(AFP) – Dec 13, 2007
NANJING, China (AFP) — Air sirens wailed in Nanjing on Thursday as China marked the 70th anniversary of the massacre here by Japanese troops, but the nation also showed signs of wanting to finally look ahead.
Thousands of sombre and tearful residents crowded the grounds of the Nanjing Massacre Memorial Hall to commemorate those killed by the Japanese during their occupation of this eastern Chinese city that began on December 13, 1937.
The nation's government-controlled newspapers were also full of articles recalling the agony of the bloodshed that led to what China believes was the deaths of 300,000 people in Nanjing, then the nation's capital.
Attending the ceremony was Shi Xiuqin, 75, who said she was a massacre survivor and could still remember the terrifying times.
"When the Japanese soldiers came, it was horrible. I saw them use knives to slit people open from head to waist," Shi told AFP in a trembling voice.
This year's anniversary has coincided with a warming of Sino-Japanese ties and it appeared that Beijing had tempered its ferocious rhetoric over Japan's wartime record.
"We commemorate the day, to ponder upon the past, which can provide guidance in days to come," said Chinese Foreign Ministry spokesman Qin Gang at a regular press conference.
"The Chinese government advocates developing a lasting neighbourly relationship of friendly cooperation with Japan."
Japan also said it wanted to look to the future while easing tensions with its neighbour over the past.
Chief Cabinet Secretary Nobutaka Machimura said Japan wanted to build a relationship with China based on common interests "with our eyes on the future."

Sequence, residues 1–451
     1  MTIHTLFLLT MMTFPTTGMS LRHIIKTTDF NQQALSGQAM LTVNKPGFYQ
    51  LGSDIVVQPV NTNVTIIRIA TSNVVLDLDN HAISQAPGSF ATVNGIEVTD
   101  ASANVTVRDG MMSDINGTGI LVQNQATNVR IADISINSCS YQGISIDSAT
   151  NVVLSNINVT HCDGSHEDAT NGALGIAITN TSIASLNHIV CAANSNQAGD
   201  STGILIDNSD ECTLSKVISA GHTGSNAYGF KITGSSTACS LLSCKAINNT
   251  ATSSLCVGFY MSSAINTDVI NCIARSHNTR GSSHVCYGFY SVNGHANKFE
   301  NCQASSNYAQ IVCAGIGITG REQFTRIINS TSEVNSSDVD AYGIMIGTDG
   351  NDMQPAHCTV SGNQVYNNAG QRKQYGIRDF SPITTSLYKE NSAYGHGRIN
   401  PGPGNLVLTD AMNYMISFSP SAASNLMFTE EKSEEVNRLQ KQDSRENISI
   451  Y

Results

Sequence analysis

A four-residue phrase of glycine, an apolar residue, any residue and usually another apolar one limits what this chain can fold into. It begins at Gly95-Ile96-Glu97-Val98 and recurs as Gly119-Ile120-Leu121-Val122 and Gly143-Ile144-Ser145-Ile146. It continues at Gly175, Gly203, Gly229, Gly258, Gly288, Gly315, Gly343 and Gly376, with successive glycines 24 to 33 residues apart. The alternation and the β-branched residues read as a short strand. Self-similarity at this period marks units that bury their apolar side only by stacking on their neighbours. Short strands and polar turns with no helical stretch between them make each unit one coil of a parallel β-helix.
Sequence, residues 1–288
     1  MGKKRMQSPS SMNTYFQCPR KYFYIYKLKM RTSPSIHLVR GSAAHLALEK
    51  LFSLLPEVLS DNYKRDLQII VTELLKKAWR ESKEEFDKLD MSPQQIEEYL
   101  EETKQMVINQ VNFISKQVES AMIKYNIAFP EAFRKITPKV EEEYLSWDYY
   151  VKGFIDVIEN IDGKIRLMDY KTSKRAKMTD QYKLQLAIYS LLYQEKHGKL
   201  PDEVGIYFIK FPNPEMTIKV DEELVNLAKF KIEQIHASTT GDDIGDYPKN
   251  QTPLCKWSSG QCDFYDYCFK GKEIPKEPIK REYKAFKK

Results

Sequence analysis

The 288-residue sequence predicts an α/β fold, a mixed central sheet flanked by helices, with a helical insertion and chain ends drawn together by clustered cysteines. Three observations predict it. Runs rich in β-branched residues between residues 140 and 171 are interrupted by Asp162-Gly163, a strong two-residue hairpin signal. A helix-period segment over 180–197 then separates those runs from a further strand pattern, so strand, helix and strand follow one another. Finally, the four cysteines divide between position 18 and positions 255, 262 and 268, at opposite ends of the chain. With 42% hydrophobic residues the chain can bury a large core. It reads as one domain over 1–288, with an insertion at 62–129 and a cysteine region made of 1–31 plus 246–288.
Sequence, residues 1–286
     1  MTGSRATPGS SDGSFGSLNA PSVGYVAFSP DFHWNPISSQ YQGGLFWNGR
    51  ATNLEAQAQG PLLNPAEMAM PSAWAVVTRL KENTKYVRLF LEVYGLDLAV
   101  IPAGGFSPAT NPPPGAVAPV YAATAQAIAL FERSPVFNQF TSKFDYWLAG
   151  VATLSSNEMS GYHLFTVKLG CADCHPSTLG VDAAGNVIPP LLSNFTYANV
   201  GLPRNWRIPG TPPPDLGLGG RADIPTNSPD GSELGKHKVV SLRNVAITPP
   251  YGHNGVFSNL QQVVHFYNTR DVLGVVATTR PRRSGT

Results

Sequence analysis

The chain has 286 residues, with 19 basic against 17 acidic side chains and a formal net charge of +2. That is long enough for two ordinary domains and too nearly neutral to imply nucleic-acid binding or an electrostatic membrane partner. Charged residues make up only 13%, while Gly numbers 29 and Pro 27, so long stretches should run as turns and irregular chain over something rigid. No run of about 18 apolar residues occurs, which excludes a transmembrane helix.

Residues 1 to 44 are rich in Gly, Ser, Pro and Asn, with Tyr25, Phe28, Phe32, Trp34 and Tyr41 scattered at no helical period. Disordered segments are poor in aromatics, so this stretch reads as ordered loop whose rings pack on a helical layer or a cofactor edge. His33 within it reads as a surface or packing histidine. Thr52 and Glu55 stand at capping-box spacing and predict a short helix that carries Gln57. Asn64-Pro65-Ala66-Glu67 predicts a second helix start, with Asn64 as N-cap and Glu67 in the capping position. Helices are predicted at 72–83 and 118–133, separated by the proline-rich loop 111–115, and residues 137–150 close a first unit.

As white doves meant to symbolise peace soared skyward, officials here took care in a subdued ceremony that re-opened an expanded memorial hall to avoid the inflammatory rhetoric heard during a diplomatic freeze between the two countries from 2002 to 2006.
"(The memorial hall) is to better preserve history. To never forget the past. To treasure peace and open the way to the future," said Xu Zhonglin, a provincial Communist Party chief who delivered the main speech at the ceremony.
Relations between Asia's two dominant powers, at odds over territorial disputes as well as wartime history, may still be fragile but China is genuine in wanting to improve ties, Chinese history professor Wang Weixing said.
"Today's commemoration is not to continue or deepen hate. It is precisely the opposite... to understand it," said Wang, from the Nanjing-based Jiangsu Academy of Social Science.
Sino-Japanese relations began improving last year under former Japanese prime minister Shinzo Abe, who made reaching out to China a top priority of his brief tenure and travelled to Beijing in October 2006.
Abe was replaced in September by Yasuo Fukuda, who is also a longtime advocate of warmer relations with China and is similarly expected to visit China soon, perhaps this month.
Chinese President Hu Jintao is then slated to visit Japan early next year in what would be the first visit by China's top leader there in a decade.
China, which suffered immense loss of life during World War II, has always reserved special anger for Japan's wartime record, infuriated by a sense that the island nation, unlike Germany, has never properly atoned for its past.
Abe's predecessor, Junichiro Koizumi, stoked these feelings with his refusal to stop visiting a controversial Tokyo shrine where war criminals are among the honoured, prompting China to suspend all high-level diplomatic contacts.
China compares the bloodshed in Nanjing to the Holocaust perpetrated by Nazi Germany.
Japan has apologised for wartime atrocities in Nanjing and elsewhere in Asia, but the anger in China still simmers below the surface, and in the past has turned to dangerous anti-Japanese nationalism with frightening ease.
The world got a snapshot of this in early 2005, when protests by tens of thousands of Chinese students over the publication of Japanese school textbooks that glossed over Japan's war past turned violent in several cities.
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